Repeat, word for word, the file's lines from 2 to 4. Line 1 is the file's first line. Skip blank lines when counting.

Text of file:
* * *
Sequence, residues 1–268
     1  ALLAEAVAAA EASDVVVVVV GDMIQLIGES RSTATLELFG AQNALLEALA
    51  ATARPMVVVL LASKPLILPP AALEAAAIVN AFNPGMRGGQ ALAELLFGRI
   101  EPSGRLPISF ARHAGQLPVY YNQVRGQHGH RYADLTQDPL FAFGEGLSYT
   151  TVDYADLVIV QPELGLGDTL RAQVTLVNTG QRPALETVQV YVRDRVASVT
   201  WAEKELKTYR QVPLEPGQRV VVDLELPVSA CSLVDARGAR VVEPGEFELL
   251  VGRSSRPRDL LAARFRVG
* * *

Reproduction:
     1  ALLAEAVAAA EASDVVVVVV GDMIQLIGES RSTATLELFG AQNALLEALA
    51  ATARPMVVVL LASKPLILPP AALEAAAIVN AFNPGMRGGQ ALAELLFGRI
   101  EPSGRLPISF ARHAGQLPVY YNQVRGQHGH RYADLTQDPL FAFGEGLSYT